Once I was cleared by Israeli immigration on Wednesday, I left the port and headed towards the nearest hostel that showed up on my GPS. The Port Inn Hostel was less than a hundred metres away, so that worked out nicely. It's a very popular place, and not just because of its proximity to the port. This is a proper hostel, with all the things a budget traveller (or pilgrim) needs. There were quite a few Germans staying there, as well as a group of Israeli teens (complete with acoustic guitar), an Australian who had served in the Six Days War, and an elderly Jew from the Netherlands who gave me several helpful tips on what to see and where to stay while in Israel.
Before I turned in for the night, I spent some time at one of the three computer terminals, using Google Maps and a booking site to plan the next day's walk. I found another highly rated hostel in Jisr ez-Zarqa, the only Israeli Arab village on the coast. It's 40 kms from Haifa, so I didn't linger over breakfast Thursday morning. Before leaving Haifa, however, I decided to ascend Mount Carmel and visit the grotto that's identified as Elijah's cave. As with my climb to the Balamand in Lebanon, it wasn't particularly high, but it was a long and steep walk. Along the way I passed the Shrine of Bab, the centre of the Bahai faith. I also passed the primary monastery of the Carmelite order. I amused myself with the idea of going in to learn whether they wear shoes or not. (Church history geeks may chuckle at that, but the rest of you can ignore it and simply keep moving.) According to the tourist map I picked up at the hostel, Elijah's cave is located along the footpath leading from the crest of Mount Carmel down to the coast. I was looking for it, but passed on by without spotting it.
Once down on the coast road, I started to walk in earnest for the first time since arriving in Taşucu over two weeks ago. The weather was beautiful, with a light breeze and a few clouds. Once the main coastal highway split away from Route 4, the traffic was quite light. The bus stops are spaced about 500 m apart, and they all have benches and plenty of shade. It was an ideal day for walking, yet by 3:00 in the afternoon I was ready to pack it in. I'd been careful to stay hydrated, but I still had a headache which was steadily worsening. Just ahead there was a turn for a village. Consulting my GPS app showed nothing but a short lane leading to a road running parallel to my current route, with two roads at either end of it. Looking down the lane when I drew up to it, I could see a small supermarket. If nothing else, I'd buy a cold drink and ask about a place to stay.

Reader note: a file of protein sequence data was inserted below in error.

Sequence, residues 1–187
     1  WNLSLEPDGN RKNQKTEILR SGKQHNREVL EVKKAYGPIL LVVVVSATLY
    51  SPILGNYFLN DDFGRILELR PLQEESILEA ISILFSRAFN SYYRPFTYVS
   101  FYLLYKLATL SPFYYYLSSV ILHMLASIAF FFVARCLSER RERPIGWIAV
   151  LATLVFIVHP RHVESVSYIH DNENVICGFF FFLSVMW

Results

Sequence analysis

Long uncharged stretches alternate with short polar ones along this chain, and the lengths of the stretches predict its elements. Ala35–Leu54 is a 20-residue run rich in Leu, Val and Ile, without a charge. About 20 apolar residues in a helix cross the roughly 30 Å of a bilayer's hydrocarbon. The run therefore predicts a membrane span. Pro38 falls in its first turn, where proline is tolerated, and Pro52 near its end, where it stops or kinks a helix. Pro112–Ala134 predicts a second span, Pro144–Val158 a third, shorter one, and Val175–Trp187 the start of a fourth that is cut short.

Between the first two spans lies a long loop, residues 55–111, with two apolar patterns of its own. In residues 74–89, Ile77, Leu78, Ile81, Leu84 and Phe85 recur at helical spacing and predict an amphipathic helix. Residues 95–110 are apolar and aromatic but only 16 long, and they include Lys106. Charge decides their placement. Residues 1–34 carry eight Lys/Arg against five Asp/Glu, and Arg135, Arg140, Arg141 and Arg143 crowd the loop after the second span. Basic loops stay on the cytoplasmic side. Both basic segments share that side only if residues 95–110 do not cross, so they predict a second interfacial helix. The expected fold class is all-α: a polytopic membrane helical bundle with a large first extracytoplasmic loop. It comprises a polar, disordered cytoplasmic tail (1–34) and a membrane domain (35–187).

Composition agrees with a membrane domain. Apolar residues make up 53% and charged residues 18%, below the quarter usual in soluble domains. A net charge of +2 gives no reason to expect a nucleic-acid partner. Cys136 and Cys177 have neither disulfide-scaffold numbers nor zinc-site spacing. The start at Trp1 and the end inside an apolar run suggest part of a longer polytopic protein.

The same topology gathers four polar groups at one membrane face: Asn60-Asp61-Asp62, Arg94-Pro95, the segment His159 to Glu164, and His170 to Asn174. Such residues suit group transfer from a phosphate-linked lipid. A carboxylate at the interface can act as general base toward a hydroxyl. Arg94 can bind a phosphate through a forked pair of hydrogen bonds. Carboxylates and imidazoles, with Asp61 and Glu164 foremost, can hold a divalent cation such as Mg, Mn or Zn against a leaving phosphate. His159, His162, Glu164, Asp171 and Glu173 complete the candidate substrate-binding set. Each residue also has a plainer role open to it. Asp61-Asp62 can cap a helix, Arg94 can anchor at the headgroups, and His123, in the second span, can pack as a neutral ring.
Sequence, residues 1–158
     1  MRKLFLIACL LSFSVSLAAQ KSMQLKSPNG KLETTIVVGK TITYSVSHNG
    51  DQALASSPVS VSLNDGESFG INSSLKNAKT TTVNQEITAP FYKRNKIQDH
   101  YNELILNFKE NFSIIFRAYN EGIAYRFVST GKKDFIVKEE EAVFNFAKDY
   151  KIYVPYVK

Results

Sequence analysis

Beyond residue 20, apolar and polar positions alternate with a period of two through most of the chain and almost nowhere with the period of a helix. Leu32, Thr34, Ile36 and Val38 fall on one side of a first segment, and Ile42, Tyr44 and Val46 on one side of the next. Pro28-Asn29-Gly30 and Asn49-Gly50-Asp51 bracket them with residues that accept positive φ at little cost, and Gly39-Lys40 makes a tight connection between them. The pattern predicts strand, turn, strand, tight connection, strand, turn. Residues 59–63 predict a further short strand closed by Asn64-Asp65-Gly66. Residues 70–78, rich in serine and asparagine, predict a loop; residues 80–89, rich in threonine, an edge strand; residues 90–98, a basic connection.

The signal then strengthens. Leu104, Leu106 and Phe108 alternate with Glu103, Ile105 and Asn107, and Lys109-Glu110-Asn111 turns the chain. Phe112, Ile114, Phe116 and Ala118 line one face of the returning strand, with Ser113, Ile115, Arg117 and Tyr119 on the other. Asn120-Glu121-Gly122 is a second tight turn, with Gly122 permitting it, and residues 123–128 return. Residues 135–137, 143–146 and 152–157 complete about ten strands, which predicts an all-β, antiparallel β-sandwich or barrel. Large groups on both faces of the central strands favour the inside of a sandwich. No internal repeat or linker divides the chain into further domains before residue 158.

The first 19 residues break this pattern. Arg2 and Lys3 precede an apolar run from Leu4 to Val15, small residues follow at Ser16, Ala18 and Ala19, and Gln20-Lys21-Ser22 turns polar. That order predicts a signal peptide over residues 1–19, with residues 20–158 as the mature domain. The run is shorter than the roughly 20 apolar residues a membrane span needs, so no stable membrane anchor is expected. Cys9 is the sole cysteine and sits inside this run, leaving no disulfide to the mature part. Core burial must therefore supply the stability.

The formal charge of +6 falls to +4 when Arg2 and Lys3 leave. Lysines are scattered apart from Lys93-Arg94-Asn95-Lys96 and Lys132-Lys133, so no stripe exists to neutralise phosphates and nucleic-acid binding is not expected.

Part of my planning last night at the hostel involved comparing the distances logged between Haifa and Jerusalem on two different pilgrimages. Mony and Alberto had walked from Rome to Jerusalem beginning in November 2001. (They did it all on foot - no ferries!) They covered 158 kms along the road in Israel, while Brandon Wilson's 2006 pilgrimage saw him covering 213 kms along the Israel National Trail. Since I'm so close to the end of my journey and the beginning of Holy Week, I've opted for the shorter road route. Since the INT was still a possible route for me up until last night, I had downloaded a list of people along the Trail who are willing to act as hosts to hikers for a minimal fee, or for free. These folks have come to be known as "trail angels."
Megadim is actually quite a pleasant little town, with more to it than I'd expected. One of the unexpected elements was the very sturdy bright yellow gate near the entrance to the village, with a guard post and surveillance cameras. Once I'd bought some refreshments and sat down at a picnic table, I met my own trail angel. He was disguised as an elderly gentlemen who addressed me in Hebrew. When he switched to English, I was delighted to accept his offer of hospitality for the night. I'm not sure how to decline the invitation to join him for the Passover meal tomorrow evening, other than to explain that I'm very honoured but that I am eager to get to Jerusalem for my own feast. We'll have that discussion tomorrow, I suppose.
I only covered 16 kms today in spite of the favourable walking conditions. My goal of Jisr es-Zarqa may have been a bit optimistic after a fortnight of inactivity, but that means tomorrow I'll only have to cover 24 kms. I'm planning to be on the road as soon as I can decently excuse myself in the morning. Coffee would be nice, but perhaps for these last few days I should return to the rhythm of the Camino which saw me walking for an hour or two before stopping for my first meal of the day.